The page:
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Stanley Kubrick’s Full Metal Jacket was released 35 years ago. Gregory Wakeman explores how the film, and others by the director, revealed “the mindlessness and cruelty of conflict” – as well as the transformation of young men into killing machines.

Cinephiles often speak of their regret that legendary director Stanley Kubrick only made 13 films in his illustrious 46-year-long career. This blow is somewhat softened by the fact that most of his work, from 2001: A Space Odyssey, The Shining and Spartacus, to Lolita, Eyes Wide Shut and Full Metal Jacket, which turns 35 on 26 June, all look and feel entirely unique. Kubrick’s output was undeniably eclectic. But there was one genre that he couldn’t help but return to… the war genre.

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Kubrick’s fascination with war actually dates back to his debut outing as a director, 1953’s Fear and Desire, which he made when he was just 24 years old. Set during an unnamed dispute, Fear and Desire revolves around four soldiers who crash-land behind enemy lines, and somehow have to find their way back to base. Even though he would later disown it as “a bumbling amateur film exercise,” Kubrick would continue to explore Fear and Desire’s brutal yet tender look at the human and mental cost of conflict.

Nathan Abrams, a professor in film at Bangor University, who has written extensively about Kubrick, says that “he used war as the backdrop to examine the bigger issues that he was interested in, like the nature of humanity, men, masculinity and evil. He’s not interested in war, per se. He’s interested in what war tells us about us.”

Peter Kuznick, a professor of history and director of the Nuclear Studies Institute at the American University in Washington, DC, believes that “Kubrick understood, on a very deep level, the insanity of modern warfare.”

Paths of Glory stars Kirk Douglas as the commanding officer of French soldiers who refuse to continue a suicidal attack (Credit: Alamy)

Paths of Glory stars Kirk Douglas as the commanding officer of French soldiers who refuse to continue a suicidal attack (Credit: Alamy)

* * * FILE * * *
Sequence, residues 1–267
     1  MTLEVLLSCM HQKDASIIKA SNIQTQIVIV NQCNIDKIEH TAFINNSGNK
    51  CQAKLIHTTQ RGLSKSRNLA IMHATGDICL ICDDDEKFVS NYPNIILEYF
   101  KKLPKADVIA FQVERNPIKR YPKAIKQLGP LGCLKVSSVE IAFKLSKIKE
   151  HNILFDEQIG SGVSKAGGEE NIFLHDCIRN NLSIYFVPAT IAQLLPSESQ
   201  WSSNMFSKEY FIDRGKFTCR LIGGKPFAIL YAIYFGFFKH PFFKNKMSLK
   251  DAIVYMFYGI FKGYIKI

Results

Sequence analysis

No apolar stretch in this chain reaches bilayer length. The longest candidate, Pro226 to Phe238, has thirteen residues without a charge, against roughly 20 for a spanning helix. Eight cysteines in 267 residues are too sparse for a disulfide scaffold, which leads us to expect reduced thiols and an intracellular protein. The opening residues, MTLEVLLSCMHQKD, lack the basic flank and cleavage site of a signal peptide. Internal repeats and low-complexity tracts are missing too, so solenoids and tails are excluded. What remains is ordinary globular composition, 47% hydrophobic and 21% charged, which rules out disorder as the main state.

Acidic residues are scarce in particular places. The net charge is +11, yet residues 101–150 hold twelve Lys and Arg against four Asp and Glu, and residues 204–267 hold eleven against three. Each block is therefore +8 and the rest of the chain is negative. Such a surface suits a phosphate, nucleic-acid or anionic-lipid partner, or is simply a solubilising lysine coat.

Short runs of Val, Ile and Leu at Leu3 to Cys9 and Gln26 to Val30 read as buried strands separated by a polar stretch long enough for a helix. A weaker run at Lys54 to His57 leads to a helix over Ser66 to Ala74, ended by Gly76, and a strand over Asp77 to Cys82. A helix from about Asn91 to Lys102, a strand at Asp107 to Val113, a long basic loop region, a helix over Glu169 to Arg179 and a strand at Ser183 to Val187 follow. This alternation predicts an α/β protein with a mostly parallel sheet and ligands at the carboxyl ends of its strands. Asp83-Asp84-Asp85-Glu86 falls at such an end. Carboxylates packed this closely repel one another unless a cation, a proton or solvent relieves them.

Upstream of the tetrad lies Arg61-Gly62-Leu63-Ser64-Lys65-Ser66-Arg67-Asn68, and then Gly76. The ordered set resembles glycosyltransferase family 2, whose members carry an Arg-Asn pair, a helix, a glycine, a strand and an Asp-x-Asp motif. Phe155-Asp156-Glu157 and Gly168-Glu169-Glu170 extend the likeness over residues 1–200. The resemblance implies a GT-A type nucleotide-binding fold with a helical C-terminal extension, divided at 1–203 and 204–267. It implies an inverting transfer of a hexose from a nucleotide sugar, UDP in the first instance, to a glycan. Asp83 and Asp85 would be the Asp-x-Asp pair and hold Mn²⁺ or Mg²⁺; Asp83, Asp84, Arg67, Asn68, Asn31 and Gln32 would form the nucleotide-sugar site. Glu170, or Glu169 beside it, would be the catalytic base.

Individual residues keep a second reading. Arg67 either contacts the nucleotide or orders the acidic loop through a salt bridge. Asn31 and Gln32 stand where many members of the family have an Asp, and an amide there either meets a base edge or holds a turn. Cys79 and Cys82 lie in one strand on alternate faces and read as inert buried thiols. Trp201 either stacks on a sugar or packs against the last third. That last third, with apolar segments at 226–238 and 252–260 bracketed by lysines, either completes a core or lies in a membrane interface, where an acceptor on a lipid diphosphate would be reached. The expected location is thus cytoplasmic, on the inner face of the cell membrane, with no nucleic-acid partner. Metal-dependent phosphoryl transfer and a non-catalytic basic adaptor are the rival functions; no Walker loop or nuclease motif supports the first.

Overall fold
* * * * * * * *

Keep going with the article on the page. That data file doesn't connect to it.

That was clear in his next war film, Paths of Glory (1957), which tells the true story of three French soldiers killed for cowardice after surviving a suicide attack. But while Dr Strangelove (1964) and finally Full Metal Jacket (1987) would follow, Kubrick’s interest in using cinema to examine the psychological, physical, and emotional impact of war wasn’t just restricted to the films he actually made.

“I think you get a better idea of Kubrick’s interest in war from the totality of what he attempted to do,” says Abrams, who points out that Kubrick spent years striving to make films on Julius Caesar, the Holocaust and Napoleon, while also noting how both Spartacus and Barry Lyndon stray into the genre, too.

Sex and violence

Paths of Glory’s exploration of the “irrationality, mindlessness and cruelty of warfare”, according to Kuznick, means that it is widely regarded as one of the finest anti-war films ever created. But it is Dr Strangelove and Full Metal Jacket’s mixture of sex and violence that really epitomises Kubrick’s viewpoint on the genre.

“Kubrick is very aware of certain things, especially the connection between sex and violence,” explains Kuznick. It’s there in the opening title sequence of Dr Strangelove, as Kubrick shoots the mid-flight refuelling of an aircraft as if it was a sex scene.

“The sexual imagery carries on through the entire movie,” says Kuznick, who points out how one of Dr Strangelove’s final sequences sees Major TK “King” Kong (Slim Pickens) straddling and riding a nuclear bomb as it falls to its target. “Even the name of the film,” adds Kuznick. “Strangelove. What is Strange Love referring to? It’s a love of death.”